The haunting song of the conch shell slices through the chatter of the expectant crowd. Soon a lone voice begins to chant an ancient Hawaiian mele, pulling the past along with it, as the royal court files into the stadium. The setting is the lush town of Hilo, on the Big Island of Hawaii, and the occasion is the annual Merrie Monarch Festival, a weeklong celebration of traditional Hawaiian music, art and dance. The pinnacle of the festival is the hula competition, which showcases the best individual dancers and halau (hula schools) from the islands, the mainland, and Japan. The hula competition is the crowning jewel in the world’s largest, most prestigious celebration of Hawaiian culture.
The Merrie Monarch Festival was created in 1963 in honor of King David Kalakaua who ruled the Hawaiian Kingdom from 1874 to 1891. Kalakaua, known as the “Merry Monarch”, is credited with restoring many of the Hawaiian legends, traditions, and art forms driven underground by Christian missionaries. Ancient chants and dances, containing the history of a people, were used to pass the teachings of the kapuna (elders) down to successive generations in preliterate society. The festival’s goal is to preserve, promote, and perpetuate hula and Hawaiian culture.
The 49th Annual Merrie Monarch Festival begins Easter Sunday, April 8th, 2012, and includes seven days of demonstrations, workshops, art exhibits, and a parade. But, it’s the hula competition that plays to sell-out crowds and ignites the hearts of all who witness it. More than just a dance, hula is a sacred love song between the gestures and the stories they convey. The chants and movements recreate the heartbreaks and triumphs of the Hawaiian people. Hula celebrates the land and sea, and pays homage to the plants and animals that offer their beauty, wisdom, and very lives to sustain the island people.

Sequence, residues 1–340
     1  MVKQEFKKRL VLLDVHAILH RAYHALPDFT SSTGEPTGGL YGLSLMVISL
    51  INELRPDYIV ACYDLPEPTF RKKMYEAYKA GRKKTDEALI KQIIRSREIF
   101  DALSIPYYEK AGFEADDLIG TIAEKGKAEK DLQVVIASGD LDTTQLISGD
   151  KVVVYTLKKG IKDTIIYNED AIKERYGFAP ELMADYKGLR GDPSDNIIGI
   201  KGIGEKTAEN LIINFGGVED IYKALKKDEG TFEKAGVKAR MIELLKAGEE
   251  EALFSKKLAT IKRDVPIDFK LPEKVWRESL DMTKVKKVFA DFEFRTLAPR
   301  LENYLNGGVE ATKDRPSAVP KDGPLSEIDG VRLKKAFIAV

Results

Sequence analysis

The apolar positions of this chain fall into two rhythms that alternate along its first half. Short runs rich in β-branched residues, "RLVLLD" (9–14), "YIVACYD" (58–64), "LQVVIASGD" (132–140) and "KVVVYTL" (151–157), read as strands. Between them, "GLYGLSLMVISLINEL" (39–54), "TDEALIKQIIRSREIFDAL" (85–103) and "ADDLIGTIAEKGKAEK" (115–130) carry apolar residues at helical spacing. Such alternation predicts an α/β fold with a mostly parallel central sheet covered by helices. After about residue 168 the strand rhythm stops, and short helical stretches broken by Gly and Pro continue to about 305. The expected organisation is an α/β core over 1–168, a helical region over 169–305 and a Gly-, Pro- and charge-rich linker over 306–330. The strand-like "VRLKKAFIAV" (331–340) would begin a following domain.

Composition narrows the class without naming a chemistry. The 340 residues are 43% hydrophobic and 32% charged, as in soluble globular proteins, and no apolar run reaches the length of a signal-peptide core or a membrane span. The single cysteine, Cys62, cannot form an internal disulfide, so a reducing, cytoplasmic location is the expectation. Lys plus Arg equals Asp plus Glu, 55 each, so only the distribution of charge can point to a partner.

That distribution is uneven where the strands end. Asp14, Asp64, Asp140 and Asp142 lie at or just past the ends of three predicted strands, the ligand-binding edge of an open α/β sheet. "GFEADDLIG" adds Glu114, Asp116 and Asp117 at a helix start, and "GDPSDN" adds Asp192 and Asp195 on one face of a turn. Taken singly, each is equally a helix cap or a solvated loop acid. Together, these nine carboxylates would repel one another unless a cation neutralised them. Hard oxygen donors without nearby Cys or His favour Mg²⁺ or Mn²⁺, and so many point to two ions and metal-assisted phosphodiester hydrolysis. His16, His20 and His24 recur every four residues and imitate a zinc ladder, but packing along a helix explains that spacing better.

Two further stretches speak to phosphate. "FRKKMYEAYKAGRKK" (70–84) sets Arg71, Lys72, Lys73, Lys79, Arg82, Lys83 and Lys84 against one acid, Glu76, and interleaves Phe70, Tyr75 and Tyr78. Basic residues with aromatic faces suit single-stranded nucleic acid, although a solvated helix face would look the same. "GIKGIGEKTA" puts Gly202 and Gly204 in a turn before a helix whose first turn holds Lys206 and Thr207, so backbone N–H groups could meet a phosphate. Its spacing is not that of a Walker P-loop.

The competition includes Miss Aloha Hula, featuring solo dancers, and 2 group events, Kahiko, ancient hula, and ‘Auana, contemporary hula. Each soloist and halau, comprised of dozens of dancers in traditional dress, has just seven minutes to perform the hula they have doubtless spent hundreds of hours perfecting. It is a great honor to compete, as only the best of the best are invited, and only 23 halau will be competing. This year Kaua`i is proud to be sending two beloved members of our ohana (family) to the festival. Tammy Pu‘u and Noelle Lovesy are members of Halau Ka Lei Mokihana o Leinna‘ala, the only Kauai halau invited to this year’s event. Tea leaf from the Kukui‘ula farm will be used to create the skirts they wear for the kahiko performance. After months of endless rehearsing, sacrificing sleep and free time, Tammy and Noelle are excited to represent their kumu (teacher), halau, and the island of Kauai in Hilo.
Perhaps it’s the pageantry and grandeur that account for the continued popularity of The Merrie Monarch Festival. Maybe the costumes and spectacle of the group competition are responsible for drawing crowds to the Big Island and people across the globe to their television sets. Or perhaps there is something about hula that touches a deep desire in all of us to reconnect with the land and the ancient past. Perhaps hula reminds us that we are each an invaluable thread woven into the tapestry of creation, and that beauty and tradition are essential as the legacy of our ancestors steers us into the future. Maybe it’s all of the above. Either way, Merrie Monarch presents an exhilarating glimpse of Hawaiian culture at its finest.
You can watch this year’s hula competition on Kauai’s KFVE, Channel 5, or online at www.k5thehometeam.com. The Kaua`i halau will be performing within the first hour, in fifth position, both Friday and Saturday night.
Thursday, April 12, 2012 6:00pm-11:30pm Miss Aloha Hula
Friday, April 13, 2012 6:00pm-11:30pm Hula Kahiko
Saturday, April 14, 2012 6:00pm-11:30pm Hula ‘Auana & Awards Ceremony